January Lecture 2017

Martin-Baker Ejector Seat Developments

Thursday 12th January 2017

Lecture Starts at 7.30 pm
Light Refreshments served from 7.00 pm

Speaker: James Pearse, IPT Lead Martin-Baker Aircraft Company Limited

Location: Lecture Theatre ‘0’, Cambridge University Engineering Department, Trumpington Street, Cambridge CB2 1PZ.

Lecture Synopsis

The lecture will begin with a brief introduction to the Martin-Baker Aircraft Company Limited and a highlight review of earlier ejection seat developments. The lecture will then focus on the dominant challenges facing modern crew escape systems, the associated requirements, and the means by which those requirements are met by recent Martin-Baker ejection seats.

December Lecture 2016

From Flying Dreadnought to Dogfighter

Thursday 8th December 2016

Lecture Starts at 7.30 pm
Mulled wine and Mince pies to follow after lecture.

Speaker: Greg Baughen, Aviation Author

Location: Lecture Theatre ‘0’, Cambridge University Engineering Department, Trumpington Street, Cambridge CB2 1PZ.

Lecture Synopsis

Long before the first shots were fired in the Great War, army generals knew that aircraft were going to play a crucial role in future wars. They also realised that some way of shooting down enemy planes had to be found.   Designers and engineers were soon struggling to find a way of doing this. In this talk, Greg Baughen describes the story behind British efforts to overcome the problems. Inspired by the Royal Navy’s dreadnoughts, the Royal Flying Corps planned to rule the skies with their own aerial battleships.  It was an approach that proved to be a mistake and would delay the development of the single-seater fighters that were needed to challenge the German Fokkers and Albatroses. The Pup, Camel and S.E.5a eventually emerged and helped save the day, but the battleship fighter was never abandoned completely. Even at the end of the war, there were still plans to develop them and the concept would continue to influence British fighter design long after the First World War.

November Lecture 2016

Operating the Antonov 124 – Rising to Logistic Challenges

Thursday 10th November 2016

Light Refreshments served from 7.00 pm
Lecture Starts at 7.30 pm

Speaker: Vlad Vyshemirsky, Cargo Logic Air.

Location: Lecture Theatre ‘2’, Cambridge University Engineering Department, Trumpington Street, Cambridge CB2 1PZ.

Lecture Synopsis

Operating a fleet of Antonov 124 and the many abnormal loads which come with that is incredibly challenging. Vlad Vyshemirsky will present a history of this amazing aircraft intertwined with stories of his experiences as loads master for Volga Dnepr. A must not miss lecture with a real unique opportunity to hear from someone with so much experience and knowledge of the aircraft.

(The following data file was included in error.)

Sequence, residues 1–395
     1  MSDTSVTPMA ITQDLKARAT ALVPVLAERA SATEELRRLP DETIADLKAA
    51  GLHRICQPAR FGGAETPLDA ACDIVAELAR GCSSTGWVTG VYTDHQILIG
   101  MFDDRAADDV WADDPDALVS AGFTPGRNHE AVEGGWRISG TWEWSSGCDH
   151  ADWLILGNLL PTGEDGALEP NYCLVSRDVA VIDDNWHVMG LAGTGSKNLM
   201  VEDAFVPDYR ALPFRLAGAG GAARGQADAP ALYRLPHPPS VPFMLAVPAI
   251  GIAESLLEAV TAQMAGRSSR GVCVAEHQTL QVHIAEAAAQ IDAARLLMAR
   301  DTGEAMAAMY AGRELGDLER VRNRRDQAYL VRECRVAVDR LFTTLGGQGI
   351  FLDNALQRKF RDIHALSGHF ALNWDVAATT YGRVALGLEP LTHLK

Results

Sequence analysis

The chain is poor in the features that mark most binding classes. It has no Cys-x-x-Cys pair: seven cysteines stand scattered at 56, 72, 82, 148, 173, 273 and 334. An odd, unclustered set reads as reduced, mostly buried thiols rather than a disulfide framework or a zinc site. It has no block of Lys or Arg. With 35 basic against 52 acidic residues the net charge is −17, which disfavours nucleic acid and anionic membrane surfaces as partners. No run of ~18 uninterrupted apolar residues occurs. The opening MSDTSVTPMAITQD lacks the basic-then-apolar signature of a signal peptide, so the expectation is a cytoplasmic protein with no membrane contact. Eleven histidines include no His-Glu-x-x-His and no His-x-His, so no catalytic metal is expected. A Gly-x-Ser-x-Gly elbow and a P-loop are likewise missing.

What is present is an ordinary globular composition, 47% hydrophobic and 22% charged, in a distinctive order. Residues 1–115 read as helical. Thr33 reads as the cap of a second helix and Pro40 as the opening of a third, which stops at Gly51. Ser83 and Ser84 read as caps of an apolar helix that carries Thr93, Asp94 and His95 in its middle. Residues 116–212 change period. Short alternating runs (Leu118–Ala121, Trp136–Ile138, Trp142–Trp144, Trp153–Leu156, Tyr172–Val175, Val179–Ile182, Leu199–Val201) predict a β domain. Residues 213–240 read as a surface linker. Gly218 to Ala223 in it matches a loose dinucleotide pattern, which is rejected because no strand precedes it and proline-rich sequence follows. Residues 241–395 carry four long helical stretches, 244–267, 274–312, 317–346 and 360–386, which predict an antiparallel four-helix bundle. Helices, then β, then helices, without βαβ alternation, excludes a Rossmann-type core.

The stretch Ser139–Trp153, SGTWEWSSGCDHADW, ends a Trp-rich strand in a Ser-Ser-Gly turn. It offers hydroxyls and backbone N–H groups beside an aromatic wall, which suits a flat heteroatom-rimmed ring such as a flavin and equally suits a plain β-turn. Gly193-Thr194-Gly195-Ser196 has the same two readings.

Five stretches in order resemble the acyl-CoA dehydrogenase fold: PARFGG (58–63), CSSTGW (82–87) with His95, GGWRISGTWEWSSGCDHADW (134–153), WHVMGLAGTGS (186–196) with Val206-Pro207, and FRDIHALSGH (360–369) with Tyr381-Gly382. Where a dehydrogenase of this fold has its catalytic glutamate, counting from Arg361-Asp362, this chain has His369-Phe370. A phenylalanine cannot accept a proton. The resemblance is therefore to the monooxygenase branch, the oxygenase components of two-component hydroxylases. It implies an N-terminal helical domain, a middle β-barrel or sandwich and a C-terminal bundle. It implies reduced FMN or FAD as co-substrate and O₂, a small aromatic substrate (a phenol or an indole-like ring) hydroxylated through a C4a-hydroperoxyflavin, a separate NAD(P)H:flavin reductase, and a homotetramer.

The air cargo industry has come a long way since Philip Orin Parmelee piloted the first ever cargo flight across a distance of 65 miles between Dayton and Columbus, Ohio, on 7 November 1910. Onboard was a cargo of 200 pounds of silk for the opening of a new store.

Today, airlines deliver more than 51 million tonnes of goods a year, representing more than 35% of global trade by value but less than 1% of world trade by volume. This is the equivalent to $6.8 trillion worth of goods annually or $18.6 billion worth of goods every day carried in the bellyholds of passenger aircraft or onboard conventional freighters.

For many years, however, manufacturers and distributors of big, outsize and heavyweight products were unable to benefit from the speed, reliability and security offered by air cargo because their goods simply did not comply with conventional aircraft design. Their only option remained long road journeys or slow and often unpredictable sea crossings. This all changed in 1990 with the arrival of the Antonov An-124-100 in the commercial transport market, a move that has since reduced end-to-end delivery times for big, complex cargoes from weeks to a matter of hours.

Volga-Dnepr Group operates the world’s largest fleet of An-124 freighters, the former Soviet military transport aircraft equipped with front and back loading ramps, onboard cranes and winches that make it virtually self sustaining. It also has the ability to ‘kneel down’ to simplify the loading of long, large and heavyweight cargoes for industries such as aerospace, oil&gas, power & energy and heavy construction.

This presentation will look at the unique operating capabilities of the An-124-100 in comparison to other large transport aircraft, focusing on its original design and methods of loading and unloading. It will highlight the types of cargoes that rely on the aircraft to meet urgent or timely delivery deadlines around the world and focus on projects in the aerospace and oil&gas sectors as well as its vital role supporting global humanitarian missions.